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It’s an ill wind that blows Maryland no good

Maryland joined seven other states in the mid-Atlantic and Northeast in petitioning the federal government Monday to require nine upwind states to cut down air pollution emissions.

The petition is aimed at Illinois, Indiana, Kentucky, Michigan, North Carolina, Ohio, Tennessee, Virginia and West Virginia. It seeks a reduction in emissions carried by prevailing winds that contribute to the formation of ozone in the downwind states.

The other states filing the petition are Connecticut, Delaware, Massachusetts, New Hampshire, New York, Rhode Island and Vermont.

Illinois Coal Plants

This Nov. 13, 2013 file photo shows the Ameren Corp. power plant outside of the southern Illinois town of Newton. (AP Photo/Jim Suhr, File)

The petition seeks what it says are long-overdue commitments from the upwind states to protect the health of downwind residents and to level the playing field for businesses.

“Delaware air quality remains overwhelmed by air pollution from upwind states, even though we have reduced emissions within Delaware of ozone-forming pollution by more than 70 percent since 1990,” said Delaware Gov. Jack Markell.

The petition asks the Environmental Protection Agency to require the nine upwind states to join the petitioning states in what is known as the Ozone Transport Region. Under the federal Clean Air Act, states added to the region would have to take actions to reduce pollution consistent with downwind state efforts.

“Even if the people of New Hampshire took every car off the road, we would, at best, reduce ozone by only 3 percent on bad air days,” New Hampshire Gov. Maggie Hassan said.

“And on those bad air days, New Hampshire receives more than 95 percent of its air pollution from upwind states.”

The EPA is required to approve or disapprove of the petition within 18 months.

Unhealthy levels of ozone can cause coughing, throat irritation and chest pains. It can aggravate asthma and other chronic lung diseases.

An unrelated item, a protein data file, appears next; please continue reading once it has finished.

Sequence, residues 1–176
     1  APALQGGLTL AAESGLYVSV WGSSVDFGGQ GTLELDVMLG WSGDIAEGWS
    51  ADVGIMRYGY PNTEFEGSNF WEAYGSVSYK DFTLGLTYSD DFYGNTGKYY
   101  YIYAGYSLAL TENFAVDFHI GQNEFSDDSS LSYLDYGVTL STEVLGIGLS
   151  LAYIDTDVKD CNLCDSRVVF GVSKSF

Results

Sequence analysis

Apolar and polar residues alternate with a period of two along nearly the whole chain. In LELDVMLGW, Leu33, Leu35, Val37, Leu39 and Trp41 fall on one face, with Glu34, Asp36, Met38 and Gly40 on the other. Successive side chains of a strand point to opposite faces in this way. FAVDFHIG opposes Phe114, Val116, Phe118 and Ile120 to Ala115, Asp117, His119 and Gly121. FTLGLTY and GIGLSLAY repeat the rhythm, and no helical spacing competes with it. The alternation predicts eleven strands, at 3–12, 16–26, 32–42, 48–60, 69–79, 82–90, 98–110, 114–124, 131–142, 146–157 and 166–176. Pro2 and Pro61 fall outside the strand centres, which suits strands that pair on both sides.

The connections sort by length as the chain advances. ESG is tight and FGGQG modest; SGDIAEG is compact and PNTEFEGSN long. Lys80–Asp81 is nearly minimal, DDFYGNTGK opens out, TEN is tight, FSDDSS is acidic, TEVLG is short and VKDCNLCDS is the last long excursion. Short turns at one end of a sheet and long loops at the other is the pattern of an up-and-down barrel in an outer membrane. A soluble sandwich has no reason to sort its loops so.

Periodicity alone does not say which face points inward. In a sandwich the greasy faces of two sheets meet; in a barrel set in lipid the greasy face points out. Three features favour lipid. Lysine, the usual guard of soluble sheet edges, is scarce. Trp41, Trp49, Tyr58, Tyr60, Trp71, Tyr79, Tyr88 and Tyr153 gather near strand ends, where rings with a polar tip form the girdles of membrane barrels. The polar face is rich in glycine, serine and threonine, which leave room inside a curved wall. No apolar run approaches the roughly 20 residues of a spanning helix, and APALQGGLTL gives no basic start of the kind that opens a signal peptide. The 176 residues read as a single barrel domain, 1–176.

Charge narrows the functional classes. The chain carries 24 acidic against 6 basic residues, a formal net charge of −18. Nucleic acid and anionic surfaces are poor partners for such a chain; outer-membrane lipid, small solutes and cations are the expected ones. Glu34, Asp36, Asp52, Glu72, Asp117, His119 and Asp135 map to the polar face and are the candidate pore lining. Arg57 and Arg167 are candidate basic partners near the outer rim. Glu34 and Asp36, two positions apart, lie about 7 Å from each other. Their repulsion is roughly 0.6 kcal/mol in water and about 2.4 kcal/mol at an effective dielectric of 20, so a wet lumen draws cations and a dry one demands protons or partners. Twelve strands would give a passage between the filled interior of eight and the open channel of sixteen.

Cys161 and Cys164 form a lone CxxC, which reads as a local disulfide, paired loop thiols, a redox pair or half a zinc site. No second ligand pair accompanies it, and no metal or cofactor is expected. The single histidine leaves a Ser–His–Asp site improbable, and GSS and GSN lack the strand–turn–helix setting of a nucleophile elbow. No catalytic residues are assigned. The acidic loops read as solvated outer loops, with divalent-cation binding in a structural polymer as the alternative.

Earlier this year, the U.S. Supreme Court said it will consider reinstating a federal regulation intended to reduce power plant pollution that contributes to unhealthy air in neighboring states.

The court said it will review an appeals court ruling that overturned the EPA’s cross-state air pollution rule. The appellate court said the EPA exceeded its authority by imposing “massive emissions reduction requirements” on plants in upwind states.

The Maryland Department of the Environment noted in a press release Monday that the state has taken several actions to reduce air pollution generated in-state, include the implementation of the Maryland Healthy Air Act and the Maryland Clean Cars Program. It said preliminary results from 2012 air sampling and emissions records show continued improvement in Maryland’s air quality.

Maryland power plants have invested $2.6 billion in technology to comply with the Maryland Healthy Air Act, the department said, but Maryland is still not meeting standards for ground-level ozone.

Maryland estimates that as much as 70 percent of its ozone air pollution problem comes from upwind states — and the Department of the Environment said that ozone transported into the state has been measured at levels that already violate the EPA’s revised standard.

Unhealthy levels of ozone can irritate the respiratory system, causing coughing, throat irritation and chest pains and aggravating asthma and other chronic lung diseases. Ozone and other air pollutants have also been linked to premature death.

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